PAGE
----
By Ashley Chen
Sat., June 12, 2021 | reading time 5 minutes ⏰
On June 9, Ontario schools minister lecher announced a new math curriculum for grade 9. Students will be required to learn programming, data knowledge, mathematical modeling, with an emphasis on financial knowledge.
The new curriculum, part of the provincial government's four-year math strategy, aims to help all students develop skills, build confidence and succeed in their future lives. The new curriculum, which will be introduced in September, will require students to learn programming, data knowledge and mathematical modeling, with an emphasis on financial literacy.
For Grade 9 students, there will no longer be any distinction between "Applied" and "Academic" in the new curriculum. In the past, the provincial government divided students into different subjects, resulting in some students in a disadvantaged position. With the end of separation of subjects, all students will have the opportunity to apply for post-secondary education and training.
The overhaul of the curriculum, which emphasizes the application of knowledge to real life, responds to suggestions from employers and education experts, as well as to the needs of the new job market. At the same time, for the province's mathematics teaching, not only this adjustment range is huge, or the first adjustment since 2005.
The new course, dubbed MTH1W, will be open to all students and will focus on teaching important mathematical concepts and skills. The new curriculum will replace the Year 9 Mathematics curriculum, which was restructured in 2005, such as Applied (MFM1P), Academic (MPM1D), and the 2006 Transfer (MPM1H).
The new curriculum will be divided into seven areas:
Students will analyze various financial situations and explain how to apply mathematics; Study how interest rates and other factors affect buying behavior; Solve financial problems and learn how budgets vary from situation to situation.
Mathematical thinking and application
Students integrate what they learn with their life experience, different knowledge systems, and real life (e.g. work, employment). At the same time, students will continue to deepen their mathematical thinking skills.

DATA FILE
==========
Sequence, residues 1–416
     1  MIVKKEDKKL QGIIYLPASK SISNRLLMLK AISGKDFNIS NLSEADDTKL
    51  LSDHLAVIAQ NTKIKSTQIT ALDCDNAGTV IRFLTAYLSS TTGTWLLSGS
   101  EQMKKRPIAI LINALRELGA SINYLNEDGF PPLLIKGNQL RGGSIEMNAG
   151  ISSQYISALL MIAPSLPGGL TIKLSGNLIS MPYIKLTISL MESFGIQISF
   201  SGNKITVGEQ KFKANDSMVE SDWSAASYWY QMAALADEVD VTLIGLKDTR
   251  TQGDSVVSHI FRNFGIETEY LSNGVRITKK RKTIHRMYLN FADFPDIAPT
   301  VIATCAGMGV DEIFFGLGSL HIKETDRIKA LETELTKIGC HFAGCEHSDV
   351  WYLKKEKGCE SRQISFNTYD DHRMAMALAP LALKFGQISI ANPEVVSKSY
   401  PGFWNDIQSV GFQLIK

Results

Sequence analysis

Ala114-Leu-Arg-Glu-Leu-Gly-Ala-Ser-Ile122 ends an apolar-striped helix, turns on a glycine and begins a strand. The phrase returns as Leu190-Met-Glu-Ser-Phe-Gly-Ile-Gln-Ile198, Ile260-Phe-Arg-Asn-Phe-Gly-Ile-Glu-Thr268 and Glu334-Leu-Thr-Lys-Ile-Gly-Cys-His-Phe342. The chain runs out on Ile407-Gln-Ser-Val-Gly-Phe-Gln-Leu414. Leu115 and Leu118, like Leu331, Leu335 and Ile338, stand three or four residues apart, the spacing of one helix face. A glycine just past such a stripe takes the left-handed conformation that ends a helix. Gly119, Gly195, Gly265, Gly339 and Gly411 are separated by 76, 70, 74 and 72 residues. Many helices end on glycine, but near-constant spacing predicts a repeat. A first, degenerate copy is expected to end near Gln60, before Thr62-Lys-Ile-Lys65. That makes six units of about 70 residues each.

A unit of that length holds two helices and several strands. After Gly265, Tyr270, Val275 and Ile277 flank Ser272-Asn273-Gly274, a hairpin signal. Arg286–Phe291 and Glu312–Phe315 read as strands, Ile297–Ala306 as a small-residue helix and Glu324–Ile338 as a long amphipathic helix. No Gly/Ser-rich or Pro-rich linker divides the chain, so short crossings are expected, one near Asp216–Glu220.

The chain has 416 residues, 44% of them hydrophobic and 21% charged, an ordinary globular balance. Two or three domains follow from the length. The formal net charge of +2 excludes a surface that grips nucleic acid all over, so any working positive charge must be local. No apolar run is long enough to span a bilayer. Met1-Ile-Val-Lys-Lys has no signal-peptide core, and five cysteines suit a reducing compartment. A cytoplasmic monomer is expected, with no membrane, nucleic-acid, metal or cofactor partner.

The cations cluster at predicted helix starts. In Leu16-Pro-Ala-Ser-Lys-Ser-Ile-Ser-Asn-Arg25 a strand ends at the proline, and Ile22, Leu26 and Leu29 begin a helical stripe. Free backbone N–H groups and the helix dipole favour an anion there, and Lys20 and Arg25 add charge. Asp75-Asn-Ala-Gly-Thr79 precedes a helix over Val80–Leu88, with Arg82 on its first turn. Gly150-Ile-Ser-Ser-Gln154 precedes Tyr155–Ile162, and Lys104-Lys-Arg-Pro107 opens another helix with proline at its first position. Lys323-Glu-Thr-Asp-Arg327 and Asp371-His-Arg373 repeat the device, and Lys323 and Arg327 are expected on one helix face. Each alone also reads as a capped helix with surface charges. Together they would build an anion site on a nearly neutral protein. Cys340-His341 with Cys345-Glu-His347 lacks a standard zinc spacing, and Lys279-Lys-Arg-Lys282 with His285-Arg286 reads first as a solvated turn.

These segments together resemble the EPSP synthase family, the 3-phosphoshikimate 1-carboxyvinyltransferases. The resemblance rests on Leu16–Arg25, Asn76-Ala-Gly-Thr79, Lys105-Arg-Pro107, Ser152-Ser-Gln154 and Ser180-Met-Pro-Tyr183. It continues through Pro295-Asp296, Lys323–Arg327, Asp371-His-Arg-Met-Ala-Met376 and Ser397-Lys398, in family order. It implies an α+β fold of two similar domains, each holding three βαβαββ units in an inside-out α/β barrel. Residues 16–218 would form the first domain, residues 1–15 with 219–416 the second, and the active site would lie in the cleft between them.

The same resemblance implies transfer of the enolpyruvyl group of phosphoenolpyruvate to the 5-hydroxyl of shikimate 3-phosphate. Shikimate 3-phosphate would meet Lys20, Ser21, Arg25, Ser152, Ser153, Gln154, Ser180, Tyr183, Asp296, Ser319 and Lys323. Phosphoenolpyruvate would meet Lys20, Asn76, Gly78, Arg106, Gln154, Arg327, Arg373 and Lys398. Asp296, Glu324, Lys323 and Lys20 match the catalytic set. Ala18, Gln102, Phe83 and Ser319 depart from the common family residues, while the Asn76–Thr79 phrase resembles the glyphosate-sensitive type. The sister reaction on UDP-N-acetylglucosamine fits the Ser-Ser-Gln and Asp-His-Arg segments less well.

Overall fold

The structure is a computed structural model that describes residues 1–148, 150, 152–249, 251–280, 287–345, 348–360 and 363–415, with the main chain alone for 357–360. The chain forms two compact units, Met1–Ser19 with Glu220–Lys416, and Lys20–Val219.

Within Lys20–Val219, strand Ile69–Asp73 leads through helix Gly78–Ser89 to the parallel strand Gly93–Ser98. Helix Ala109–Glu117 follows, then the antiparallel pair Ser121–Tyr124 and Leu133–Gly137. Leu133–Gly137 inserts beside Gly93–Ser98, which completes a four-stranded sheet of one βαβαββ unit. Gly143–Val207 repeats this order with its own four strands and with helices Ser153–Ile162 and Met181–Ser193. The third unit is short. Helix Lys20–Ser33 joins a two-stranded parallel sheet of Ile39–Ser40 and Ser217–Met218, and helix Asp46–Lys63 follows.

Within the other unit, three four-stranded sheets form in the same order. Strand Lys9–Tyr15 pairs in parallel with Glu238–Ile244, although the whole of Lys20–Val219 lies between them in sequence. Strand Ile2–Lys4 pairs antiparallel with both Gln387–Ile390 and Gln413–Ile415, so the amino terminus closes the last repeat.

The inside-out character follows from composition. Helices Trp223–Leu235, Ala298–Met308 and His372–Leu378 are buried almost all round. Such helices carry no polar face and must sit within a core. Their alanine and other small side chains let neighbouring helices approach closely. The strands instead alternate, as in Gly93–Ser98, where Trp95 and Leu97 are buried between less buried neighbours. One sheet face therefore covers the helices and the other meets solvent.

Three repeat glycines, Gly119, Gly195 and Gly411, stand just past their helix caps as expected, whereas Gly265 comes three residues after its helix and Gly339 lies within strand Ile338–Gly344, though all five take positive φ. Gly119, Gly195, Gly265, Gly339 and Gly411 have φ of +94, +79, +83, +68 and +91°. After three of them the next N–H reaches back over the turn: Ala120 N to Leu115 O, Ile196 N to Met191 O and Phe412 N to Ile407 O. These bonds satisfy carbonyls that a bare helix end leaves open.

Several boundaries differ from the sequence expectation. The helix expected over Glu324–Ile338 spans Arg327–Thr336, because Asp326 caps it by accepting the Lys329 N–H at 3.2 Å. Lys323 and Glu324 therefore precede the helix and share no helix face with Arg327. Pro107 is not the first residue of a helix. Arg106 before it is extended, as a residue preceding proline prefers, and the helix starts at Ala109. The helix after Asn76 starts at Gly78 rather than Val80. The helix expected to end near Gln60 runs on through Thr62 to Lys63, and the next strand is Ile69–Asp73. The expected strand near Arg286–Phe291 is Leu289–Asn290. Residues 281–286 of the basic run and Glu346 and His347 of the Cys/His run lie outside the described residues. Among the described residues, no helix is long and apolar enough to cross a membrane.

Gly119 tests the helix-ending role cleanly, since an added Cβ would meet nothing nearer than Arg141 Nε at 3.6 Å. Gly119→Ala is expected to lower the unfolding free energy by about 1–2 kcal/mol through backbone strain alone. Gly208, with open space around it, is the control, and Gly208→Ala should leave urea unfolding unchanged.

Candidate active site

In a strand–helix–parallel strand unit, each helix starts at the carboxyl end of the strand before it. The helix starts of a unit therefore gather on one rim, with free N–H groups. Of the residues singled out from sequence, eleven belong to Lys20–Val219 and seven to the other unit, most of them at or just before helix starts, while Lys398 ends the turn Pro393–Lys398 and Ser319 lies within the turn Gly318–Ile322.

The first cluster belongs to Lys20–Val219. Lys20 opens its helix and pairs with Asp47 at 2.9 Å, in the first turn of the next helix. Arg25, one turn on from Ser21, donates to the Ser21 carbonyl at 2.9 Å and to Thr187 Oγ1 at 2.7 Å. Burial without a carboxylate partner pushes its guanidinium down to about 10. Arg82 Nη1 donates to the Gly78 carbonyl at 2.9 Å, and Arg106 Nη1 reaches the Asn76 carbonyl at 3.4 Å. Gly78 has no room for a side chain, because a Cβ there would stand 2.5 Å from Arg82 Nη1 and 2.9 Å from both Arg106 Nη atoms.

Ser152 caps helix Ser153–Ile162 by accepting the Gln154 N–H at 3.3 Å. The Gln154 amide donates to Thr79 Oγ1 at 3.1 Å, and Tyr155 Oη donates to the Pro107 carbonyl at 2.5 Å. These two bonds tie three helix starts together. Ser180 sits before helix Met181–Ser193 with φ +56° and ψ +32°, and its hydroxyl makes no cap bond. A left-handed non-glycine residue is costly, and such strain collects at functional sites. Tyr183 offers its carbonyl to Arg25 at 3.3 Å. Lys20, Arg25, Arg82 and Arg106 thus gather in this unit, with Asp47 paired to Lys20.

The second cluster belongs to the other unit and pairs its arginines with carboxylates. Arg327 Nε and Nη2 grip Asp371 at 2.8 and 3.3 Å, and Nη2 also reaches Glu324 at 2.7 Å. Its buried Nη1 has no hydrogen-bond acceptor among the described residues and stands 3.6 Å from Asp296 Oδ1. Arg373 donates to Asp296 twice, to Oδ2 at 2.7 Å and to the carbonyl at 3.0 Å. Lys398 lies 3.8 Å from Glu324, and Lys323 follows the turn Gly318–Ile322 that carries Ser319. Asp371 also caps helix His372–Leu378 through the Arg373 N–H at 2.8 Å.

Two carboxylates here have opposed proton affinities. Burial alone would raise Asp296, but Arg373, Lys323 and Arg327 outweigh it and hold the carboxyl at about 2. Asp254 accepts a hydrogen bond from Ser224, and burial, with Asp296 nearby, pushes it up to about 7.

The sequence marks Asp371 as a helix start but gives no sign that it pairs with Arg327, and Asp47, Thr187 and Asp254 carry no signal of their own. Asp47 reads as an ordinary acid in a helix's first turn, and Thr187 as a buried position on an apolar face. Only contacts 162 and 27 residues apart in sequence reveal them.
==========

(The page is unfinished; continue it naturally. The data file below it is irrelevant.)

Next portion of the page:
Students will learn how to work with different arrays and learn how mathematics can be written in different ways, including powers with positive and negative exponents. Students will learn more about fractions, decimals, and integers, as well as knowledge and skills about percentages, rates, ratios, and proportion in order to relate to real life examples such as comparing price and food/water increases and decreases.
Students will use algebraic expressions and equations and program to understand complex mathematics and make predictions. Students will also learn about linear and nonlinear relationships, make connections between expanding and contracting patterns, and solve rate-related problems to understand reality, such as pollution rates, how plants grow, how trains/planes/skateboards move, etc.
Students will study the collection, use, and storage of data. The content includes how data is used to inform decisions. Students will also use their knowledge to analyze real-life situations, such as movement analysis, and study how animal migration patterns change. Students will also use mathematical models to answer questions of interest and make predictions, such as analyzing the impact of social media on the economy.
Geometry and surveying
Students will study geometric properties and their applications in real life, such as architecture, construction and design. Students will learn how different cultures develop and use units of measurement and measuring tools, study the relationships between cones, cylinders, pyramids and prisms, and use the knowledge of perimeter, area, surface area and volume to solve practical problems, such as how a community garden should be planned and packaging designed.
Social affective learning skills in mathematics
Students will explore social-emotional learning skills, such as identifying sources of stress or finding support measures to strengthen students' grit and thus help them solve maths problems.
Canada's youth unemployment rate is well above the G7 average. Too many young people are either unemployed, in jobs unrelated to their skills, or underemployed. That's why the provincial government has launched a new 9th grade math curriculum to show how math can be applied in real life, ensuring that the provincial curriculum reflects the life or work needs of today's young people. For example, the course will analyze how interest rate changes and other factors affect prices, leading to major purchasing changes.
The provincial government has drawn up a four-year math strategy, at a cost of $200 million, aimed at reversing a decade-long decline in the province's students' math skills. The new curriculum is the next step in the provincial government's plan. The content will be based on a new primary school math curriculum to be released in spring 2021.